broken hill the longest run by a steam locomotive ever recorded it even beat it's own personal record of carrying a 735 ton train for 490 miles. When arriving to Britain she was given her smoke deflectors back along with a double chimney and was given the number 60103 but in April of 1995 Scotsman derailed on the Llangollen Railway with all it's wheels off the track and when they tried to run the train smoke came out causing a crack between the the boiler and cab causing the train to be immediately withdrawn from service  and in 1996 McAlpine sold the train to pay of it's mortgage and the train was bought by intrapreneur and train enthusiast  Tony Marchington bought the train a set of pullman coaches and the southall depot for 1.5 million pounds then he overhauled the engine for another 1 mil pounds which lasted for 3 years giving Scotsman an A4 engine boiler new air type brakes and was painted in its original candy apple green and removed it's smoke deflectors the first test run after the repairs was on the 4th of July 1999 from London's king cross to York and an estimated 1 million people came to see the train run. But in September of 2003 Marchington was declared bankrupt and a debt agency had sell the train to the highest bidder but in the fear the the train would be sold to a foreign country the national railway museum started the Save Are Scotsman campaign and it secured 2.3 million pounds and as celebration the train did a special run as part of the museums rail fest. Trough 2004 and 2005 Flying Scotsman hauled special trains from time to time but it started to fail it's deliveries more than several times but the engineering staff failed to find any problems wen sent to the workshop they couldn't find any problems either so the national railway museum decided to do a complete overhaul of the train it was estimated that it would take 1 year to restore but this started to come out more expensive than the railway museum thought so they released the SOS campaign (save our Scotsman) trying to get more funds to finish by the end of the year in May of 2011

the flying Scotsman was unveiled on the museums turn table in it's ww2 black color and was to be painted in it's candy apple green when it came to testing it showed cracks throughout the engines frame and boiler the railway greatly underestimated how bad the train’s condition was most of the problems came from a rushed inspection and poorly trained management, so the museum hired the FCP (First Class Partnerships) were commissioned to fix the flying Scotsman to it's formal glory and in March of 2013 they predicted that the train would hit the mainline somewhere in 2015 and in July of 2015 they said the the Flying Scotsman would be in service with the required electronic parts in 2016 the final cost of this was £4.2 million pounds and on January of 2016 managed to move under it’s own power since 2005. In October of 2018 the train pulled the “Fare well Alan Pegler” special train from kings cross to York and in celebration of turning 100 the Flying Scotsman hauled many special trains between March and December in 2023. Currently the Flying Scotsman takes tourists around Britain as it did many years ago.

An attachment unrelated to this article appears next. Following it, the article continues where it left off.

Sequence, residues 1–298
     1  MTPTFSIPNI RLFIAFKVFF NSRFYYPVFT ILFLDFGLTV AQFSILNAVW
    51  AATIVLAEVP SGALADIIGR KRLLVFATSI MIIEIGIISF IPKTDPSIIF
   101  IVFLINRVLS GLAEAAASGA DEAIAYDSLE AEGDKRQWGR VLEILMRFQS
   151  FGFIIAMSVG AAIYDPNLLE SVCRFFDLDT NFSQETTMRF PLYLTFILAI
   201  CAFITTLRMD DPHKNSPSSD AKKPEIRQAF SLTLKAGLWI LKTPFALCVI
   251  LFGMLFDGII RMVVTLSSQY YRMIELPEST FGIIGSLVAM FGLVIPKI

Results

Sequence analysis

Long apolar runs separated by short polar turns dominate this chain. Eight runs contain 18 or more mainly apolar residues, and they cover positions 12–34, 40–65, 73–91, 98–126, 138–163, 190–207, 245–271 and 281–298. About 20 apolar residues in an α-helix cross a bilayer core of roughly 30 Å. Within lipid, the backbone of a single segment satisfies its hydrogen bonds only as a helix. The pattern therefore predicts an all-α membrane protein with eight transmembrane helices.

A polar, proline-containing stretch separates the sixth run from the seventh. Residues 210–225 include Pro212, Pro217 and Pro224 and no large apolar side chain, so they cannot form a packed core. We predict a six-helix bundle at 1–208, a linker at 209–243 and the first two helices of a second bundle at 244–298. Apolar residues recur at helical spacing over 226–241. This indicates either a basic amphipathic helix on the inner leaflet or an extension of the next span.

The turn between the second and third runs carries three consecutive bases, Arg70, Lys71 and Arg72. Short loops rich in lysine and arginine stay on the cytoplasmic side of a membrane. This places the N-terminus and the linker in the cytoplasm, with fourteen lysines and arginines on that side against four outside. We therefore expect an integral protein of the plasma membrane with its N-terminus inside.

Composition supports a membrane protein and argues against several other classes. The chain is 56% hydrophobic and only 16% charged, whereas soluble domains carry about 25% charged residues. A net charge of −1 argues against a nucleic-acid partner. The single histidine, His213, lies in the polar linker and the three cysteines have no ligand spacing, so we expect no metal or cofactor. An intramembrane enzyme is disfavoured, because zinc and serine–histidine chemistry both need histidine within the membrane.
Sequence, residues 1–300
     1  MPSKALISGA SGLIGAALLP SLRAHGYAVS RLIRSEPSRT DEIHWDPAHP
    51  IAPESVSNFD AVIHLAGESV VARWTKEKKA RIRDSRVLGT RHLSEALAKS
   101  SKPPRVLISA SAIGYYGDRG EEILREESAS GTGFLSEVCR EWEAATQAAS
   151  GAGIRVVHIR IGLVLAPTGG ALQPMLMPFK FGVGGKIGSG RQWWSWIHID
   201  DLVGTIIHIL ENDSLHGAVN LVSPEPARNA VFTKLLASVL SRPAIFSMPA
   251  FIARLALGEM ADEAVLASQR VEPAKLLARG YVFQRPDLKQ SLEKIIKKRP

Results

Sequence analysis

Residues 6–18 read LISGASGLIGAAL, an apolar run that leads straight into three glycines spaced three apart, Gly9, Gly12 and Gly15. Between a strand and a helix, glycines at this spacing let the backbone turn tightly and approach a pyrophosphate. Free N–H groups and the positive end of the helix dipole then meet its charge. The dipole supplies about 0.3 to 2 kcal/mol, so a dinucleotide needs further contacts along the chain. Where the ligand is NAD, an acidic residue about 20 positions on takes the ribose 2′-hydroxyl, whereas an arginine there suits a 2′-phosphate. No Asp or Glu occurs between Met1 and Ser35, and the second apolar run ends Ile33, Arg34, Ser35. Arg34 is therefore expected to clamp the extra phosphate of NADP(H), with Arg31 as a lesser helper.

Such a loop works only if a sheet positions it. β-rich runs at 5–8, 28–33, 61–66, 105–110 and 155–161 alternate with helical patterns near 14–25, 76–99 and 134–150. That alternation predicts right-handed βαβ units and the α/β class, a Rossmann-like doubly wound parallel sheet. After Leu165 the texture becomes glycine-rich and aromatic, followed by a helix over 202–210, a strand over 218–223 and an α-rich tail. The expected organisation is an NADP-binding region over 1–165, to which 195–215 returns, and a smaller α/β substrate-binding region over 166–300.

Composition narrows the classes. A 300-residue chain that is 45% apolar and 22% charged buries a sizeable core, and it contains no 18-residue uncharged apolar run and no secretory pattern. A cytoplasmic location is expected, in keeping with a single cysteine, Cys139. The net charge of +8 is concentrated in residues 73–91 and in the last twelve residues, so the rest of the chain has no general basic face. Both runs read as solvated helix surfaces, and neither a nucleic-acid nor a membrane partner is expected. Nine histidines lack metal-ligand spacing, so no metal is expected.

My name is, Luismiguel Reyes Gonzalez Garcia the 5th. I am currently a junior in Poudre High School. In my spare time, I like to play games or bug my cousin to play games with me. I am currently working as a host/busboy in a restaurant. My goals are to be a successful person in life but I can't do that unless my computer turns on. If you want to see more of my stuff go here